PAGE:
He was discussing the possibility of shutting down Bull Run Fossil Plant. Last Thursday, TVA voted to do just that.
“This decision is about economics,” he continued. “It is about adhering to the legal requirements under the TVA Act. It’s about keeping rates as low as feasible. And it’s about the fit of these plants in TVA’s portfolio to the load.
“Continued operation of these units well into the future would impose significant costs on our customers that could be entirely avoided with no impact to reliability, no impact to resilience and no need to replace these plants.”
You can’t just turn it off and on again
Bull Run was built around 50 years ago, and it was designed to run about 80-percent of the time, according to Johnson; however, it’s only running about 10-percent of the time.
Compared to natural gas and nuclear plants, it isn’t efficient to run.
“[Paradise and Bull Run] just cannot do what they were designed to do,” Johnson said. “As I said earlier, in terms of theoretical economics, Paradise 3 and Bull Run are economically viable between nine and 13 percent of the time.”
Bull Run can’t just be turned off and then turned back on when needed. If you want to run it on Thursday, according to Johnson, you have to turn it on on Tuesday.
Basically, they’re obsolete.
“They are relatively old. They have both outlived their design life by at least a decade,” he said.
The plants can be retired without any impact on reliability.
“We have one of the most — if not the most — resilient system in the country and this will have no impact on it,” he said. “And we will not have to replace them with any new assets. We can avoid over $1 billion of lifetime cost on these units.”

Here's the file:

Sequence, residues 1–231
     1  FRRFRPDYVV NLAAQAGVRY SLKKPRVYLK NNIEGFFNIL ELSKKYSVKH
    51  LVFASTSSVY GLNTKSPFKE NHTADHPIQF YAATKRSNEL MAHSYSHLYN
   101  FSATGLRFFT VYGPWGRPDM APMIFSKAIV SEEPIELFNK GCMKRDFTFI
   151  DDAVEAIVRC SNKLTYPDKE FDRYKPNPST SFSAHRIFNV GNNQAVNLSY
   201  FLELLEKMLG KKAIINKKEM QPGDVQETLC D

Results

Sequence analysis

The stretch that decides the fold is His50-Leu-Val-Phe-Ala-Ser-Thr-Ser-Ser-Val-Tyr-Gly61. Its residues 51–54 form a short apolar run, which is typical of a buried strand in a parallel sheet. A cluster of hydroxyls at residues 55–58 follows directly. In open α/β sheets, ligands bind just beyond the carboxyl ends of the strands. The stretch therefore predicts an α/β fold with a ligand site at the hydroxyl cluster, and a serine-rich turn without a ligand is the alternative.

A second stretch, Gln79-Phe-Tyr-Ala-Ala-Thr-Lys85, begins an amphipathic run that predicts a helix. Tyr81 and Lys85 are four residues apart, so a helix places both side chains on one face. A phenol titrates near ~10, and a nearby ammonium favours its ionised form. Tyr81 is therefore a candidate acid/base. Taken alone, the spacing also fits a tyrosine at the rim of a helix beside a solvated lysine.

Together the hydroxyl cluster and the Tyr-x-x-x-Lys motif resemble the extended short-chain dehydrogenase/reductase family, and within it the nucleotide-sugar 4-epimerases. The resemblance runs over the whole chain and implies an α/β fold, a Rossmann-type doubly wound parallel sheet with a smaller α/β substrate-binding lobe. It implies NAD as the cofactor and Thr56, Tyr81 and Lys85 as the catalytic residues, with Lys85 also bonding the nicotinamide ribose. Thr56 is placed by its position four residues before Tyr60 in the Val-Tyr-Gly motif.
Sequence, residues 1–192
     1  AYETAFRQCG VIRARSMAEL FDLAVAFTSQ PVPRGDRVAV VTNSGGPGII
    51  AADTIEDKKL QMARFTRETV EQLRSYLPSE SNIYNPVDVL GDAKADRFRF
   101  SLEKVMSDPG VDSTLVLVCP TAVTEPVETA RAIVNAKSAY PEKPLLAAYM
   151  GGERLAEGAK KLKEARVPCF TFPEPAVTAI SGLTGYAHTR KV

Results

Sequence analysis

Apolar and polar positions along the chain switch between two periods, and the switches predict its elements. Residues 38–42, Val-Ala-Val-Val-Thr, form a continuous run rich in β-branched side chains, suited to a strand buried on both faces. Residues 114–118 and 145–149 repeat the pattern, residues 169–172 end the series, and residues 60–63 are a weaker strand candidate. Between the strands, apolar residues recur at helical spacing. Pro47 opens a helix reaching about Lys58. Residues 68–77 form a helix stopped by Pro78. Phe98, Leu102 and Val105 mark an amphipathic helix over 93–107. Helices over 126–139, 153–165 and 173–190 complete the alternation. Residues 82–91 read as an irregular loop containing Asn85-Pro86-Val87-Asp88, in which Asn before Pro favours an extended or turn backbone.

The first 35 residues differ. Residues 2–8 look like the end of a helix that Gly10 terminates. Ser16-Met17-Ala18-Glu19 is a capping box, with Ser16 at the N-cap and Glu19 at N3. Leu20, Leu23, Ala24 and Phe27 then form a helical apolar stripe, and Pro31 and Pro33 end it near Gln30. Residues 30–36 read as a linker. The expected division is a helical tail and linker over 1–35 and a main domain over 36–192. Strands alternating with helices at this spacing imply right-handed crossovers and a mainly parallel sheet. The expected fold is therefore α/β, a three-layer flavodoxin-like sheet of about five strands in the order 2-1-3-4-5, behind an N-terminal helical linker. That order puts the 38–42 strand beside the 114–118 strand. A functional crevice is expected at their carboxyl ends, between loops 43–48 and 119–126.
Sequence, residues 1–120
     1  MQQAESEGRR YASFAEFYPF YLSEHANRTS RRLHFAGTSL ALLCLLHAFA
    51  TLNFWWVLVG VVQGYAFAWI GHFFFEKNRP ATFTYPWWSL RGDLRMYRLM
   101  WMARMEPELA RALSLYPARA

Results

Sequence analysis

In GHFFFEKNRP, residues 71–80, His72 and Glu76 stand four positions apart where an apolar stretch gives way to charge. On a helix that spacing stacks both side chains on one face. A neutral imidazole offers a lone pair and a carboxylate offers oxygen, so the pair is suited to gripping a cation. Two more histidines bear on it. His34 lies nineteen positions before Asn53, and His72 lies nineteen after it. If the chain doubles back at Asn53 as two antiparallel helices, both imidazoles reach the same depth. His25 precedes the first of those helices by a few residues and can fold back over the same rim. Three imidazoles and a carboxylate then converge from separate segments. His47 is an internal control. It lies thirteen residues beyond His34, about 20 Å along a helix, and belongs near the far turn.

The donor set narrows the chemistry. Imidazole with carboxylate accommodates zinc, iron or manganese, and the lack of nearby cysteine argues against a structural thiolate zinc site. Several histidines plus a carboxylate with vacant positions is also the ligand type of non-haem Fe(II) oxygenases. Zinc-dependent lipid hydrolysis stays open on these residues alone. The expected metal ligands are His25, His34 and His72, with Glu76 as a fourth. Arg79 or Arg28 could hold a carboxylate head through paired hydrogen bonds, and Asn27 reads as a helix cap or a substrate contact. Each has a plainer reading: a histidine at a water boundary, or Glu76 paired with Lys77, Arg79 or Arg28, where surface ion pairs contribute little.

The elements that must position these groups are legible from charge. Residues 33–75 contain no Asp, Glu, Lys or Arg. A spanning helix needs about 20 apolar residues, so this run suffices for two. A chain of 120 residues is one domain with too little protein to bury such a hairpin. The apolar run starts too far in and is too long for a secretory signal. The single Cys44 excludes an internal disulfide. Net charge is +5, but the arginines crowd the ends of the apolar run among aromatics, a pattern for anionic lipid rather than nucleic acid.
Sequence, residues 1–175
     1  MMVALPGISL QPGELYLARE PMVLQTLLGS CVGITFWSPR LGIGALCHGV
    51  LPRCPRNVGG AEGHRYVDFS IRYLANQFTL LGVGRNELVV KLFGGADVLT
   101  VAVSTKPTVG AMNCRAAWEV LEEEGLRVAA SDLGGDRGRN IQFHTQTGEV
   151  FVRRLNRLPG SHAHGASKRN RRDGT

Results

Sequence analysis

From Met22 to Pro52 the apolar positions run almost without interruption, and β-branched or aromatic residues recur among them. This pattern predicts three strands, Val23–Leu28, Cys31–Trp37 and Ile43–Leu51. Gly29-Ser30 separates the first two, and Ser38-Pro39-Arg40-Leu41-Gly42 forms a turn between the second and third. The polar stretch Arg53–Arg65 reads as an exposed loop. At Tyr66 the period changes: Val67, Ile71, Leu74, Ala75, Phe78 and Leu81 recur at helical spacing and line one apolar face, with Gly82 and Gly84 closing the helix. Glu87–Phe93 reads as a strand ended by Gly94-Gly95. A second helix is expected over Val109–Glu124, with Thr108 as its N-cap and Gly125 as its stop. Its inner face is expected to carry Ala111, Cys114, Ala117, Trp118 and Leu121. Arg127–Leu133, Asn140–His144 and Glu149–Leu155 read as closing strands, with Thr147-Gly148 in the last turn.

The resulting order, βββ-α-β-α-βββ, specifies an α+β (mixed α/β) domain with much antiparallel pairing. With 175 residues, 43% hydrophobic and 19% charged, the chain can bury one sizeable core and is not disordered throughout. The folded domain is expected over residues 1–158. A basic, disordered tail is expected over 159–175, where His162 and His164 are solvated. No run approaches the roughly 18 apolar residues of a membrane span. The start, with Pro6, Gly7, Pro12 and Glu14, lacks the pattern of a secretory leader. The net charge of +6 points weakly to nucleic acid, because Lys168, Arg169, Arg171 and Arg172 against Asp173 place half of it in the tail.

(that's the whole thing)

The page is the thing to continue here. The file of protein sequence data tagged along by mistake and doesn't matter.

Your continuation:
This cuts coal use by about one-percent.
What about the coal ash?
District 1 Commissioner Tracy Wandell, whose district includes Claxton, issued a public statement about the plant closure before the final decision was made. He expressed concerns about the coal ash storage.
“The issue to me is that Bull Run would possibly shut down leaving our community and future generations with now three large mountains of ash storage and no operating plant, loss of jobs and tax revenue,” he said.
The commission passed a resolution around two years ago in support of TVA building a natural gas plant at the Bull Run site to keep some jobs there and keep power there, according to Wandell. It would also eliminate the production of coal ash.
“TVA has retrofitted other coal-fired plants and I believe they could do the same thing at BRF if the TVA board would consider and approve,” he said.
Wandell would like to see TVA remediate the entire footprint of the plant, and remove the coal ash off site to another location.
Johnson dealt with that subject as well.
“We’re ... developing an idea to use the site as a test bed for the development of commercialization of advanced uses of coal and coal ash,” he said. “There are a lot of things you can do with coal and coal ash. We are thinking about how we could set up a consortium to do this that would require the cooperation of the federal government, DOE, the Commonwealth of Kentucky, the academia and it’s an early conceptual thought, but we are thinking about it and trying to make it work.”